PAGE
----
The phrase “pop culture” is definitely a conversation starter, and granted, though pop culture hasn’t helped cure cancer, overthrow fascist governments or advance science (though Brian May’s guitar solo in Bohemian Rhapsody is positively life-altering), you cannot have a conversation about the human experience without pop culture. In many ways, it reveals many facets of human behaviour throughout history.
From manuscripts and books to smartphones and laptops, there has been a drastic change in how we lead our lives with time. People often begin to jog down memory lane when they come across fashion trends, songs, movies, and sitcoms that once used to exist but slowly turned grey with the fast-changing world and its taste. While watching a show or listening to a song from the black and white era, do you ever wonder how different everything would have been back in those days? After all, it is hard not to find yourself curious about how things functioned back then.
How exactly did the concept of pop culture come into existence though? The coinage of the term “popular culture” dates back to the 19th century; however, contrary to the “official culture” and higher education of the upper class, it was initially associated with poor education and the lower class of the society.
During the 18th and 19th centuries, Britain was undergoing massive economic growth, which paved the path for the industrial revolution during the Victorian era. With industrialism and capitalism’s growth, people could afford to spend money on entertainment, sports, pub, etc. Owing to the increase in education’s importance, books also made it to the list of attention-grabbing means of pleasure and class. The mass-production of popular literature in the United Kingdom—Penny Serial—became a popular culture among Britain’s youth in the 1830s.
It is so much more than the latest Tik-Tok trend or the latest Kylie Jenner meme. In fact, one of the most significant milestones in pop culture, wedding ceremonies, dates even before biblical accounts. Wedding ceremonies began traditions based on religious tenets, traditions that got quickly ingrained in society, traditions which we still follow to this day.
The pop culture revolution commenced in the 1950s with rock n’ roll, TV, Dick Clark, the hula-hoop, transistor radios, into the 1960s and beyond. We can consider pop culture as a unifying bridge through cultures, bringing people from all walks of life together and celebrating their diversity. Whether we look at the 1960s rock ‘n’ roll movement or today’s booming social networking platforms, pop culture enables every individual to be able to form their own perception regarding the cultural history.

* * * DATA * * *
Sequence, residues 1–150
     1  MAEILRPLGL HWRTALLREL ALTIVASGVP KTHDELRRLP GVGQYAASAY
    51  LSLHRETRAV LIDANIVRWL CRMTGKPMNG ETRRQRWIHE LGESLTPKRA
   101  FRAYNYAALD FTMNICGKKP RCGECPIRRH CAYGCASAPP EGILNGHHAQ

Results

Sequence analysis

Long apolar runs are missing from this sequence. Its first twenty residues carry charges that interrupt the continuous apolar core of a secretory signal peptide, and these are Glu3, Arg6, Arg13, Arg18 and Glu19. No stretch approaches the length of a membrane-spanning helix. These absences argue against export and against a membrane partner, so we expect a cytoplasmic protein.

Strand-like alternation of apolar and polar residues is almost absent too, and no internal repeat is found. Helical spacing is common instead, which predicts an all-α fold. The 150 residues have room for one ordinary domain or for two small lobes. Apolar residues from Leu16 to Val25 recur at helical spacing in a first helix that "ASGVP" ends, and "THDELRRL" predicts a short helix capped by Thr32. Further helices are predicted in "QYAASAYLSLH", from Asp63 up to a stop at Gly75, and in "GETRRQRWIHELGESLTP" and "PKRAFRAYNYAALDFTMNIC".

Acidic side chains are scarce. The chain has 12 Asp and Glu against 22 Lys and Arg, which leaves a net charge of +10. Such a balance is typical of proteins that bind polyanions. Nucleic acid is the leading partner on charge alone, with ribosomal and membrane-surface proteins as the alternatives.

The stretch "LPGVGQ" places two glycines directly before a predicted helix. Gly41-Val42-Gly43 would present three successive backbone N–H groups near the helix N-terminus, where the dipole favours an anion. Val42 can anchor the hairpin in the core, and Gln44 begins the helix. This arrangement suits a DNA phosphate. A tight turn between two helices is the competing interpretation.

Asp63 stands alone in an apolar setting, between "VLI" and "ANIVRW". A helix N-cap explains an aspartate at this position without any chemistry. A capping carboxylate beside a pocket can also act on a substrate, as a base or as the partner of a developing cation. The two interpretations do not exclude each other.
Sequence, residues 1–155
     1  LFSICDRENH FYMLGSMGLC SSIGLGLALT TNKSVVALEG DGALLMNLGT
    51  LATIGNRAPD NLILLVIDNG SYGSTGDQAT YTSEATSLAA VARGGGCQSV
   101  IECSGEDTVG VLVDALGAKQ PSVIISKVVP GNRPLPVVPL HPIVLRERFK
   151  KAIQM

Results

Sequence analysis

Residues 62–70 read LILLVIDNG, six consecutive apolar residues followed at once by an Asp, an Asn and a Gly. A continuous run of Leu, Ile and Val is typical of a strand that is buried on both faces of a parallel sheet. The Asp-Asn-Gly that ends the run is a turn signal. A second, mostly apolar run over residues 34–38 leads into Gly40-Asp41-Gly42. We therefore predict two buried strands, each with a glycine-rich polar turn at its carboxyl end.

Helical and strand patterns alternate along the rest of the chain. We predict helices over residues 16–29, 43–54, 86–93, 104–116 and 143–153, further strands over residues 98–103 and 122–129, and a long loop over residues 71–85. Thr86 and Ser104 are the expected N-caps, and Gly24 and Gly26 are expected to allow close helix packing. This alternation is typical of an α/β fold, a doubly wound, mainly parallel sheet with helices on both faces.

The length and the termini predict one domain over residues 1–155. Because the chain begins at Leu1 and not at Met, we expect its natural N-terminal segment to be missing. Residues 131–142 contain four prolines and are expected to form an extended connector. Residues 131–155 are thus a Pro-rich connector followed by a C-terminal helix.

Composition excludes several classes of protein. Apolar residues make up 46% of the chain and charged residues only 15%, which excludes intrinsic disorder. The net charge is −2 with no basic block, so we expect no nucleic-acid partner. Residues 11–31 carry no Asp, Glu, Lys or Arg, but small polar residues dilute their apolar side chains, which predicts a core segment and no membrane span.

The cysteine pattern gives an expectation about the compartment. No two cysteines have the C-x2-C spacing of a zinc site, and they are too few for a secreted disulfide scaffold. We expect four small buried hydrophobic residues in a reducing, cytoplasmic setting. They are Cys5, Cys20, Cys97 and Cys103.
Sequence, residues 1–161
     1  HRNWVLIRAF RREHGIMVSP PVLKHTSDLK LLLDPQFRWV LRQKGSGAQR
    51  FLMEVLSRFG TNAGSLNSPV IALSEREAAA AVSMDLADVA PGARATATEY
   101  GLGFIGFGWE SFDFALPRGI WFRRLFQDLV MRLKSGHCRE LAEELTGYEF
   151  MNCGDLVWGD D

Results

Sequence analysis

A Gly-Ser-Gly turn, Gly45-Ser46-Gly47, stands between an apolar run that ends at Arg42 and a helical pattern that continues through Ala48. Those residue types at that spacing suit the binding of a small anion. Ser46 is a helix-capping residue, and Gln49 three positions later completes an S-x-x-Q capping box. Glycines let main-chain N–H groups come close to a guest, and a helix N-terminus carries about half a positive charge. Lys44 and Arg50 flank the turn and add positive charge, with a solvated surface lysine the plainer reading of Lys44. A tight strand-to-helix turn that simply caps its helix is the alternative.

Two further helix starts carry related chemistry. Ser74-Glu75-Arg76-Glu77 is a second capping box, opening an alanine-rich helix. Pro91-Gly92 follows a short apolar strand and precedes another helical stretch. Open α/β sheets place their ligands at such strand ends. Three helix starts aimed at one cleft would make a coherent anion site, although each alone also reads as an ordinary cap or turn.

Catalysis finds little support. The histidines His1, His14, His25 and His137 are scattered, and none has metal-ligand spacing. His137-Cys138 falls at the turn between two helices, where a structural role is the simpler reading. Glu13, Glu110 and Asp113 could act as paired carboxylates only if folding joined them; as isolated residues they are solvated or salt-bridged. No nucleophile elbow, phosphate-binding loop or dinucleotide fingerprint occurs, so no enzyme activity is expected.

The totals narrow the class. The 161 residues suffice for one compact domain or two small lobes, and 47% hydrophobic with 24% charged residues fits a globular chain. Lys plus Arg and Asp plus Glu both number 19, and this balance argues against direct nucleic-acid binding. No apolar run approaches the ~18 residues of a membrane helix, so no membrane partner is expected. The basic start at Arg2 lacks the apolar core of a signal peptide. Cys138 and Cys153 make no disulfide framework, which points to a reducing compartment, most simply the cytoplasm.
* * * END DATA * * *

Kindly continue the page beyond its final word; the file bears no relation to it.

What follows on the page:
During the Renaissance, composers started putting notes on paper. As a result of this, here we are, centuries later, streaming the latest Ariana Grande track seconds after its release. Fashion styles are probably the most effective way to show how popular culture has changed through time. The skirts became shorter due to functionality, and then the skirts became pants. The pants got wider at the bottom (thanks to the 70’s), then became skin-tight (thanks to the Kardashians). At this point, we recall decades by the fashion trends that ruled the time, and the people who set them. From John Lennon’s iconic shades to the Spice Girls’ jaw-dropping outfits to Dua Lipa’s trend-setting e-girl bleached hair, fashion has always told a story.
Pop culture helps significantly in shaping the masses and their mindset. Britney Spears wore a crop top and low-rise jeans in 2004, and suddenly, everyone was doing the same for the next five years. It has also helped start important conversations and movements. Celebrities actively talking about mental health and the popularisation of shows like ’13 Reasons Why’ have definitely helped bring mental health struggles into the mainstream and taken some of the stigmas off of them.
Elvis’s pelvic thrusts shook the world. Marilyn Monroe’s accidental flying skirt photo became one of her most iconic photos. Kanye interrupting Taylor during her acceptance speech, Miley twerking on stage to remind everyone Hannah Montana is dead or James Charles’ classic “Hi Sisters” intro—all conversation starters, all deeply impactful moments in recent history. Good or bad, or sometimes really bad (definitely not talking about Lady Gaga in a meat dress), pop culture has been and will continue to be something worth talking about. That’s what people do—they talk, and pop culture will always give them something to talk about, one Instagram story at a time.
Therefore, it is fair to say that the subject of pop culture is made by an endless chain of evolution. From how we dress, how we talk, what gadgets we use to the songs we listen to, the movies we watch, the books we read, the technology we use, the way we communicate, etc, pop culture has left an indelible impact on all our lives. Therefore, one may not think about pop culture very often, but one simply cannot turn a blind eye to its evolution and how it constitutes a major part of new trends and inventions; thereby, making a significant change in our lifestyle from time to time.
Written by Aarushi Verma and Rajika Ghose for MTTN
Edited by Avaneesh M for MTTN
Featured Image: ‘American Pop Culture’ by Lobo